"The Dwarf sees farther than the Giant when he has the giant's shoulder to mount on" -Coleridge
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Glen A Cleeton




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PostPosted: Fri 24 Feb, 2012 9:12 am    Post subject:         Reply with quote

Hi Paul

I had noticed a long time ago that some swords that appear to be from the Weapon Edge source are also sold through Cold Steel. There are some that are certainly somehow connected. The Cold Steel "1917" for instance certainly does look identical to what had been shown on Weapon Edge pages. Here is the best updated page set I have seen but you may have other links.
http://www.historyrelics.com/index.html

Johan

I am hesitant to suggest a specific sword for any to use, as tastes and experience varies wildly. While I have cut with a number of my antiques, the type I bought specifically as a "loaner" is a rather mundane mounted artillery sabre that is not quite the same family as the 1796 light cavalry swords. I spotted a nice sound and clean sword and deemed it myself to be capable and sturdy enough. There are pictures of that in a thread I had started about my sabres. While I have not further sharpened up my generic US 1840 (for instance), it is sound enough to cut with and that might be another possible. Generic 1840 (French 1822) in sound shape run about $500 or so. Then a matter of what one wnats from a sabre.

Some safe bets would be Prussian artillery swords that have the overall profile of a 1796 but the blades are not broad at the point. Late examples have a bakelite like grip and should be sturdy enough for regular use. Another is the Portuguese single ring scabbard British 1821 cavalry model.

I like all types of sabres but spadroons even more, so my expectations of sabre cutting ability are probably less that the mythical 1796.

The artillery sword is fifth from the bottom here ,below two short eagleheads
http://files.myopera.com/3sails/albums/789296...202011.jpg

Likewise from our left, the fifth to the right
http://files.myopera.com/3sails/albums/789296...202011.jpg

It is about 1lb 10-12ozs, so lighter than a period 1796lc

The reproduction foot officer sword at the bottom is what I bought originally to sharpen and cut with. Hardly the profile of a 1796lc and heavy as sin even after shaving the blade some.

I say mythical 1796 bercause it seems so popular a choice and some feel nothing else is going to suit. The sharp swords from Cold Steel includes the "1830" Napoleonic (he was quite dead by then as well as the empire). At any rate, a sword that got good marks when first appearing, as have a few others.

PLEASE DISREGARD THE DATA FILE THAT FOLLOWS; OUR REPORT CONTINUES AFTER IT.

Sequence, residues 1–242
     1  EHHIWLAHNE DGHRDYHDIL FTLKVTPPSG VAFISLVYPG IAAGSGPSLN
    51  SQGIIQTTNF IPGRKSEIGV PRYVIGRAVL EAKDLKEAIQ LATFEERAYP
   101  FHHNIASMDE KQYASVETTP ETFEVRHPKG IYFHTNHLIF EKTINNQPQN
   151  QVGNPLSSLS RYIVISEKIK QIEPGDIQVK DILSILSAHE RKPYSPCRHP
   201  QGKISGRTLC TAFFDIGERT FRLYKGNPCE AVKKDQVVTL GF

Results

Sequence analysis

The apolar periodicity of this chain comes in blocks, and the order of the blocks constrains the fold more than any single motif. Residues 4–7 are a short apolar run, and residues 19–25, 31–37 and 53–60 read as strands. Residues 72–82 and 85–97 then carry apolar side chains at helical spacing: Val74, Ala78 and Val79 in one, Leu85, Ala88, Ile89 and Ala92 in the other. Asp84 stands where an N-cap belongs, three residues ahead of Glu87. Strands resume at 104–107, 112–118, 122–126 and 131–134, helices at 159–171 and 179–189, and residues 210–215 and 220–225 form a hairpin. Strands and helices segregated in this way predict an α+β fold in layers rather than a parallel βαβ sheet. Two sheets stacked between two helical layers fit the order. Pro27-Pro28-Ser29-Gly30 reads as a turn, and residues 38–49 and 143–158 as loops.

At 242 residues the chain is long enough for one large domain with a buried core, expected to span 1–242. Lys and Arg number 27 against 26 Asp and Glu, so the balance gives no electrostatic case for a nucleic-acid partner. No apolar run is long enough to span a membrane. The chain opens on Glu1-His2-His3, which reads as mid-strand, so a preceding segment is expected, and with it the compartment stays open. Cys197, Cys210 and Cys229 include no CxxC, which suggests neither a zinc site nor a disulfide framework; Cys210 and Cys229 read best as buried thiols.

Cheers

GC


Last edited by Glen A Cleeton on Fri 24 Feb, 2012 9:37 am; edited 2 times in total
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Glen A Cleeton




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PostPosted: Fri 24 Feb, 2012 9:22 am    Post subject:         Reply with quote

Hi Johan

Quote:
I'd have loved to see a photo of the distall taper also, both from edge and back side.


A solution might be to handle originals or study old swords in museums. The characteristics of distal taper not universal but I see some similar traits in even much lighter swords. A French spadroon I had sold off had the same wild concave distal ride from more than 10mm at the hilt, reducing by half in the first ten inches. An epee like spadroon, it finsihed from the fuller at 4mm to the tip to feathering out at less than 1mm.

There are no absolutes but as an aside, handling and viewing period swords can show a lot of what the reproductions lack in cross sections from blades to hilts and particularly grips
Quote:
So the question then, is the Osborn & Gunby 1796 CS, though it looks "bigger" from the side, still lighter than the modern Cold Steel version?


The difference is listed in that quoted post from the SFI thread^^^^^^

Cheers

GC

PS

Rather than drag down this thread about the 1796, I love discussing sabres and am glad to answer qustions about my own that can be found at this thread.
http://www.myArmoury.com/talk/viewtopic.php?t=24999

More response and additions from others are quite welcome in that discussion